It had the expected effect on Mrs. Flynn, whose idea of purgatory was of a place where one had to miss an occasional meal.

She groaned: "Leave me into the kitchen! At six o'clock exactly there will be fried chicken on this table!"

Mrs. Flynn made breathlessly for the kitchen pausing at the door to call back: "And how's your mother and your Uncle Denny? I've been doing the best I can for your company. They ate stuff I took 'em only the first day, then she went to housekeeping."

"Thank you," said Jim, absently. He went into his bedroom. This, too, was uncolored. It was a simple little room with only a cot, a bureau and a chair in it. The walls were bare except for the little old photograph of Pen in her tennis clothes.

In half an hour Jim had splashed in and out of his bath, was shaved and clad in camp regalia; a flannel shirt, Norfolk coat and riding breeches of tan khaki, leather puttees and a broad-brimmed Stetson. At his office awaiting him were his engineer associates and Iron Skull, and he put in a long two hours with them, his mind far less on the flood and the Hearing than on the fact that Penelope was waiting for him, up in the little tent house.

It was not quite eight o'clock when Jim stood before the tent house, waiting for courage to rap.

Suddenly he heard Sara's voice. "I won't have women coming up here to snoop! Understand that, Pen, right now. Hand me the paper and be quick about it."

Jim felt himself stiffened as he listened for Pen's voice in answer.



"Leave Old Jezebel to herself and she soon returns to old ways. She likes them best for she is a woman."


Pen's voice, when it came, was lower and fuller than he had remembered it but there was the old soft chuckle in it.

"Cross patch! Draw the latch! Say please, like a nice child and then I'll play a game of cards with you."

Jim rapped on the door and stepped in. "Hello, Pen!" he said, holding out his hand.

She was changed and yet unchanged. A little thinner, older, yet more beautiful in her young womanhood than in her charming girlhood. Her chestnut hair was wrapped in soft braids around her head instead of being bundled up in her neck. Her eyes looked larger and deeper set but they were the same steady, clear eyes of old; ageless eyes; the eyes of the woman who thinks. She had the same full soft lips, and as Jim held out his hand the same flash of dimples.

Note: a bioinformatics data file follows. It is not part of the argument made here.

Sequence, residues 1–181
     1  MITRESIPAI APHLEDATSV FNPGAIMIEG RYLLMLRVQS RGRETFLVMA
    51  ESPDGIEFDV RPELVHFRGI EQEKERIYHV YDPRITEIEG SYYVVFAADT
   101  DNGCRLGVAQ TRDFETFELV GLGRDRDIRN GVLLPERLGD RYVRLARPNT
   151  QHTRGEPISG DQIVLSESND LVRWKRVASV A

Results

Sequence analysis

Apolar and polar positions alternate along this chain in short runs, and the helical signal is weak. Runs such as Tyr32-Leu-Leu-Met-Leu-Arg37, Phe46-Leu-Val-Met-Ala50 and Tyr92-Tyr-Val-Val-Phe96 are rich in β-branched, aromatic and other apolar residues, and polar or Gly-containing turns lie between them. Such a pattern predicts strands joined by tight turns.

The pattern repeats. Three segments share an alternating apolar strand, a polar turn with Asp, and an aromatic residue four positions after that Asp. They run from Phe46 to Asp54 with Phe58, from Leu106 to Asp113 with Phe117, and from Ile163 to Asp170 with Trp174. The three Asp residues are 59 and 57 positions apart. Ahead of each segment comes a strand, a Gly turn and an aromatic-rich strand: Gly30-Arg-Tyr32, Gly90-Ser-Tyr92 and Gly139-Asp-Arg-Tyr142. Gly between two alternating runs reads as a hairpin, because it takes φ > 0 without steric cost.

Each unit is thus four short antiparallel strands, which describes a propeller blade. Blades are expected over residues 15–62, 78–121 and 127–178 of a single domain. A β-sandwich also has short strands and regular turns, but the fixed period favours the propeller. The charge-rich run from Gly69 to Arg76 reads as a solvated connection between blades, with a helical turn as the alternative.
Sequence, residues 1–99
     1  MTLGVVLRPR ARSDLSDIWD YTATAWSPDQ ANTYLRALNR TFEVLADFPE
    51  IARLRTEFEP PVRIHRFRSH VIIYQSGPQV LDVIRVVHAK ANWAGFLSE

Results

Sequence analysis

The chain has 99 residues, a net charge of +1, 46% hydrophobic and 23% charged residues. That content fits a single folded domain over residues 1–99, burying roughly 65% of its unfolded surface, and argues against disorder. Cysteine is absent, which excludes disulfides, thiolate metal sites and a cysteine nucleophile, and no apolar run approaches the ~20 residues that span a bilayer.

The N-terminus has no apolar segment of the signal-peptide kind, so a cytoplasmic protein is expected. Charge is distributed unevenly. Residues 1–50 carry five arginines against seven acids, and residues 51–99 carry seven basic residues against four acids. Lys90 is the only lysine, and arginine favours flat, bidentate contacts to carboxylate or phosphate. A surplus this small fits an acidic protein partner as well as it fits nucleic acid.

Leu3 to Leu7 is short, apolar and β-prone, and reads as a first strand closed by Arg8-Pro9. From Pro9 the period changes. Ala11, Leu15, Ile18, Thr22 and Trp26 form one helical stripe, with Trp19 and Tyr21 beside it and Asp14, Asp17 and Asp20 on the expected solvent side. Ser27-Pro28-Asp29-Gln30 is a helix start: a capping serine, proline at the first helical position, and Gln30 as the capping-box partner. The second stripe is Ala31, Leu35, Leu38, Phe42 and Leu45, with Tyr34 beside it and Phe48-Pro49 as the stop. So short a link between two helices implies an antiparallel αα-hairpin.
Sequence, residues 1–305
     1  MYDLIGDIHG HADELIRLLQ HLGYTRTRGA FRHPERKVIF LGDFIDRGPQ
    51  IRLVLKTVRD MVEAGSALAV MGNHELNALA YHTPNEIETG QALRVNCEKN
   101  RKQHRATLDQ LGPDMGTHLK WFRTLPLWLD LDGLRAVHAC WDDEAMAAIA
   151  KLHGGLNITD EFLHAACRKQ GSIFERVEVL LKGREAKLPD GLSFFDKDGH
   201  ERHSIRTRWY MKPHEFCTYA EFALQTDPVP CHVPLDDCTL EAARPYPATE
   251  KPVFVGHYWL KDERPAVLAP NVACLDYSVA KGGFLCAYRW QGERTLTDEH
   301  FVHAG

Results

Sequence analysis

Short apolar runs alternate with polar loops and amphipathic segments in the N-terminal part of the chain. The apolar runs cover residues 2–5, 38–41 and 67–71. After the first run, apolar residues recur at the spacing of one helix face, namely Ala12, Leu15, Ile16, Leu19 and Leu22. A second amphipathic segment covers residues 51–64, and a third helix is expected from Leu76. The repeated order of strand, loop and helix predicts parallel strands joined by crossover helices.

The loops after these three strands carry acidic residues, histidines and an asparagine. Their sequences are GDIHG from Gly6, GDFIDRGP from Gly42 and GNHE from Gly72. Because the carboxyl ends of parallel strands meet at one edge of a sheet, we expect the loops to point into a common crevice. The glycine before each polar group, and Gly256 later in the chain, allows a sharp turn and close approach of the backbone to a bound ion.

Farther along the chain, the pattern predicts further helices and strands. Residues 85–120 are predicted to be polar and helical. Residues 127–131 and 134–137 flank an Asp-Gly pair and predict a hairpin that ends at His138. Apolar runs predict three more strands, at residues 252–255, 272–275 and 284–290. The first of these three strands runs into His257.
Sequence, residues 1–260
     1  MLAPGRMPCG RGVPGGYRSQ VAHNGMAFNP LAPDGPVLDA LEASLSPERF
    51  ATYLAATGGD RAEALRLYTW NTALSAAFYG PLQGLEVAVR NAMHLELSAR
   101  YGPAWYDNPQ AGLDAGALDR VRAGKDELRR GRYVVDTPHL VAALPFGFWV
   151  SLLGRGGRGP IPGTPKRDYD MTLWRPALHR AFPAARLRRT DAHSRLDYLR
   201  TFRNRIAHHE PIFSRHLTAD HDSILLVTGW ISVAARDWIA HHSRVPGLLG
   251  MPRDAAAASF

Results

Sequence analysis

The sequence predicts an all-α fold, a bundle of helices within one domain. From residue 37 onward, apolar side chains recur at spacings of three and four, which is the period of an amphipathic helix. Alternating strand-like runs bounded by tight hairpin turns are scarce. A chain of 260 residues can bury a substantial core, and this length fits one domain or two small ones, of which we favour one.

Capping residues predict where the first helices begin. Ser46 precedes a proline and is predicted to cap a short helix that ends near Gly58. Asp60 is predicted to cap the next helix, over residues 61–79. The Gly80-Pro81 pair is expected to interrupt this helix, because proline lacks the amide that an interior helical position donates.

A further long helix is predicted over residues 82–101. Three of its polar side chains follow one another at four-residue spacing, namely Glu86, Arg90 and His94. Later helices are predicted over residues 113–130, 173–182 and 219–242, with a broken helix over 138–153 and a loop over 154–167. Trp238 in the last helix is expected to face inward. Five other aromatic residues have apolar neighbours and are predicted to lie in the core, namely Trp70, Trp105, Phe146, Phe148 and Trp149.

"Hello, Still! The mountains have come to Mahomet!"

"And a poor welcome I gave you," replied Jim. "Hello, Sara."

Jim turned to the great invalid chair. There, propped up in cushions, lay a fat travesty of the old Saradokis. This was a Sara whose tawny hair was turning gray with suffering; whose mouth, once so full and boyish, was now heavy and sinister, whose buoyancy had changed to the bitter irritability of the hopeless invalid.

Sara looked Jim over deliberately, then dropped his hand. "How do you think I am? Enjoying the dirty deal I've had from life?"

Jim had not realized before just what a dirty deal Sara had been given. "I'm sorry about it, Sara," he said.

Saradokis gave an ugly laugh. "Sounds well! I've never heard a word from you since the day we ran the Marathon. You hold a grudge as well as a Greek, Jim."

"Gee, I'd forgotten all about the race!" exclaimed Jim.

"I haven't," returned Sara. "Neither the race nor several other things."

Jim shrugged his shoulders and turned to Pen, who was watching the two men anxiously.

"Tell me about your plans. I'm mighty happy to have you here."

"Sara's had the feeling for a long time that this climate would help him, and we've talked in a general way about coming. It was Mr. Freet that told Sara he thought there were some good real estate chances here and that decided Sara. Sara has done him a number of good turns in investments round New York."

Jim looked at Sara sharply but made no comment on Pen's remarks. "Are you comfortable here?" he asked, looking about the tent house.

It was a roomy place. There was a good floor and a wooden wainscoting that rose three feet above it. The tent was set on this wainscoting, which gave plenty of head space. A gasolene stove in one corner with a table and chairs and a cupboard formed the kitchen. A cot for Pen and a book shelf or two with a corner clothes closet and some hammock swung chairs completed the furniture. Pen had achieved the homelike with some chintz hangings and a rug.

"I am getting our meals right here," said Pen. "The steward said we could have them sent up from the mess, but it's less expensive and more fun to get them camp fashion here. The government store is a very good one and all the neighbors have called and have brought me everything from fresh baked bread to cans of jelly. They are so wonderfully kind to me!"

Sara was staring at Jim with an insolent sort of interest. He had full use of his arms, as was evident when he gave the great wheel chair a quick flip about so as to shade his eyes from the lamp. As Jim watched him all the resentment of the past eight years welled up within him with an added repugnance for Sara's fat helplessness and ugly temper that made it difficult for him to sit by the invalid's chair.